As Jody Houton tells it, his transformation into an expat in Thailand was completely accidental. Houton visited Phuket to decompress from a tiresome stint teaching English in South Korea. “While I was sitting on the sand at Kata beach… that the hustle and bustle and toil and trouble of my recent time in Korea began to feel like years, not mere days, away,” he explains in the book.
Several years later, Houton had renounced the “dreary streets of Manchester” for an ongoing career in Bangkok.
“I came for a holiday and stayed for the laid-back lifestyle,” he writes. “There have been times when I've wanted to tear my hair out with the 'Thai' way of doing things, but the anger and incredulity always pass and I remain, with a smile on my face and a Christmas tree and water pistol for Songkran in my cupboard.”
Houton's self-deprecating intro sets us up for the rest of his charming “geek's guide” to his adopted country. The author strikes an uncanny balance: in painting an intimate portrait of Thailand for outsiders, Houton combines a healthy respect for the subject matter with a wry detachment.
Friendly magazine-style format
Composed of incisive, witty essays on multiple subjects – and crammed with beautiful (sometimes strange) images – A Geek in Thailand seems made to be read in short bursts. The book's ingenious magazine-style format allows Houton to dig deep into the details without overwhelming the reader.
You'll flit from one subject to another before you know it. Ladyboys. The hierarchical Thai society. The dichotomy of Thai pop culture, both very Thai and very borrowed from abroad. An explainer of current political upheavals. And a visitor's guide to Bangkok and the rest of the country.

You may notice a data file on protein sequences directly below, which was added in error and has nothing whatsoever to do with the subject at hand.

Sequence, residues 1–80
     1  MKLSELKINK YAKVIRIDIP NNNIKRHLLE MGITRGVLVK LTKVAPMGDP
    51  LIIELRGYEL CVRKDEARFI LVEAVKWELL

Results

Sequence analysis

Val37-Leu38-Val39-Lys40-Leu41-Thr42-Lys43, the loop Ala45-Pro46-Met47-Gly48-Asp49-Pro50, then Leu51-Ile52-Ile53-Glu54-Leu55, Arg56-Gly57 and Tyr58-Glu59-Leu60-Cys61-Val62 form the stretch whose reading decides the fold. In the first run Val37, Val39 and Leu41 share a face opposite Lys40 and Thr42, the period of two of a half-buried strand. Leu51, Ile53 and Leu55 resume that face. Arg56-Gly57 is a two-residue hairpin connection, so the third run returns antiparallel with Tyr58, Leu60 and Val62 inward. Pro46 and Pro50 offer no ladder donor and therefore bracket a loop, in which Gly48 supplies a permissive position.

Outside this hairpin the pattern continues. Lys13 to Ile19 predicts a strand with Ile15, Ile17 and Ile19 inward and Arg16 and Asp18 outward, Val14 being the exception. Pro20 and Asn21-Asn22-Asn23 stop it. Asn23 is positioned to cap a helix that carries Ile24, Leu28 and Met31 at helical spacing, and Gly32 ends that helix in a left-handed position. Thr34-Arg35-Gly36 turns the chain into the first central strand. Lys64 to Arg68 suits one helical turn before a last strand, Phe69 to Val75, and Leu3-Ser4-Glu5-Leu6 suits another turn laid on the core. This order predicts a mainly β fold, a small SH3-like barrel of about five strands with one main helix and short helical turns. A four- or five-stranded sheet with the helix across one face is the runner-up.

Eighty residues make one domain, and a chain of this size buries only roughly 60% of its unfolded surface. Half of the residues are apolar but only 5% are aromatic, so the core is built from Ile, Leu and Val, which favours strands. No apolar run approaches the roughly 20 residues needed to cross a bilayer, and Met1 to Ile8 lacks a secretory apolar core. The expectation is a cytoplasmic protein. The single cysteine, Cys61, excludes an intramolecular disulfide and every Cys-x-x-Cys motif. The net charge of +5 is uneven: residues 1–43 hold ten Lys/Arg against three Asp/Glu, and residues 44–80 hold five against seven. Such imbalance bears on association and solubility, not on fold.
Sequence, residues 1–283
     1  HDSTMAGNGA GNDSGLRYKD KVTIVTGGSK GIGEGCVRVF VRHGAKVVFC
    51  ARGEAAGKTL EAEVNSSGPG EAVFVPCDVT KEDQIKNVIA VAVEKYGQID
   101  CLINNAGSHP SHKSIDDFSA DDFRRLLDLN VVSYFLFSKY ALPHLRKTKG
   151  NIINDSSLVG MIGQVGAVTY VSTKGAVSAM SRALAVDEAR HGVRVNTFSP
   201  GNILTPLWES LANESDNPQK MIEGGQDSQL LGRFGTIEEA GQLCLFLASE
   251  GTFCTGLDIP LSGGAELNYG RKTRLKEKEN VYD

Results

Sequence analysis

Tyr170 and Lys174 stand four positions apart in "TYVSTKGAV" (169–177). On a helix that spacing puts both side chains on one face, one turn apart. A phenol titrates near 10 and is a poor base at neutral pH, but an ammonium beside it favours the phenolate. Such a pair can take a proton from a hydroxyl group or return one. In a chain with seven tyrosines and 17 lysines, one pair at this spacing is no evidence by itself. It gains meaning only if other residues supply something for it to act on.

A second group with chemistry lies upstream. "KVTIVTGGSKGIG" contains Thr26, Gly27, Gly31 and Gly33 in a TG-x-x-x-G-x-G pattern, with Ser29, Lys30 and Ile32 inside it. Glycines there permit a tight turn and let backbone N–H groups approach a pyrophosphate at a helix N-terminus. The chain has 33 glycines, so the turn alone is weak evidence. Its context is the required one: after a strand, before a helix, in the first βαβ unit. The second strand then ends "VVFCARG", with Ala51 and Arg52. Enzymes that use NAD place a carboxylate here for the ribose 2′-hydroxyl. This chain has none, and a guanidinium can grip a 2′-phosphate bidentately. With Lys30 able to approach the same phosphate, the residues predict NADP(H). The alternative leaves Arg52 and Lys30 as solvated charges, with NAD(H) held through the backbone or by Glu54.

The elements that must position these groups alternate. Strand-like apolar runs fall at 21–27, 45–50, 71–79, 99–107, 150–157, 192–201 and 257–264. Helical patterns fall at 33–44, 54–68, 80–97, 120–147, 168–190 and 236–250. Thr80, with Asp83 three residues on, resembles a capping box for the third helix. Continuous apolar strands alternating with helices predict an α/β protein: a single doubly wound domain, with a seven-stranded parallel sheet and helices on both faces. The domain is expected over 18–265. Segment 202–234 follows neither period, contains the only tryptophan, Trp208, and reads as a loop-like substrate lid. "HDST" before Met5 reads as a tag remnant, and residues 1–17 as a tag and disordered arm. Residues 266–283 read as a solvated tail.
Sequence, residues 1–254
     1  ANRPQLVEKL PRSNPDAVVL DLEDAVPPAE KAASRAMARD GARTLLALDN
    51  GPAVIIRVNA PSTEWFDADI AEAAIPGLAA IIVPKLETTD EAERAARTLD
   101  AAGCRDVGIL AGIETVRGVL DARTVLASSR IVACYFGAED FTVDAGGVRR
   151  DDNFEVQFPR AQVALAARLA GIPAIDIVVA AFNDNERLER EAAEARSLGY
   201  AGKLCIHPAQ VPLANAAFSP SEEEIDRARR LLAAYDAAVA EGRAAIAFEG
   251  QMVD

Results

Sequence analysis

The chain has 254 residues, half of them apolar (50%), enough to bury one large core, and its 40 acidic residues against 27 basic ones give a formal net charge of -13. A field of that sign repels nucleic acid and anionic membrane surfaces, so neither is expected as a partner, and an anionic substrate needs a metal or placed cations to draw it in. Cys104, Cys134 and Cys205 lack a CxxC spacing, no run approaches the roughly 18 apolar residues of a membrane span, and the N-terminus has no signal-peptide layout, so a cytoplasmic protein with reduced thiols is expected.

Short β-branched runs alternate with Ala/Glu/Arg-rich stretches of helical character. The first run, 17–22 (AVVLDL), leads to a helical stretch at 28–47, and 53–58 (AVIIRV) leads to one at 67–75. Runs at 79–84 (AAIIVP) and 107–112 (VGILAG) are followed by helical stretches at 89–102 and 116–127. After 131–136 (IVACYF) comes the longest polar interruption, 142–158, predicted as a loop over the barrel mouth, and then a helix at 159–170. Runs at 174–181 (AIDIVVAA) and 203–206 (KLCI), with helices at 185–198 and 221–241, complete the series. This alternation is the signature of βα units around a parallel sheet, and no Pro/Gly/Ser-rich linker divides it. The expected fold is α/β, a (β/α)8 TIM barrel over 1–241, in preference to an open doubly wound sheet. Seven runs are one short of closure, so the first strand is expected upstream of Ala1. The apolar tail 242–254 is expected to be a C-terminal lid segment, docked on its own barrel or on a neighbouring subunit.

Sidebars allow Houton to flesh out entertaining digressions, but he puts them to their best use when interviewing expats and Thais to get their candid takes on their society.
Houton is particularly keen on introducing us to farang (foreigners) who've somehow learned to thrive in Thailand, like pizza king Bill Heinecke, khon dancer Benjamin Tardif and luk thung singer Christy Gibson.
Fascinating - if perilous - territory
After all, A Geek in Thailand isn't written for Thais, but for farang: the foreign tourist who wants to get beyond the superficialities of a few days' stay in Phuket or Bangkok.
Houton is the perfect inside man for the job, as he's both part of Thailand and yet detached from it. One of the thousands of farang who've settled in and called Thailand home, Houton's years of experience allow him to confidently decipher Thailand outsiders, all without falling into sentimentality or cynicism.
A Geek in Thailand is better than a guidebook: it's a roadmap of the Thai psyche, a territory that can be just as fascinating (and just as perilous) as the physical terrain explored by more run-of-the-mill travel publications.
A review copy was provided by the publisher. While it has not influenced this review, TripSavvy believes in full disclosure of all potential conflicts of interest. For more information, see our Ethics Policy.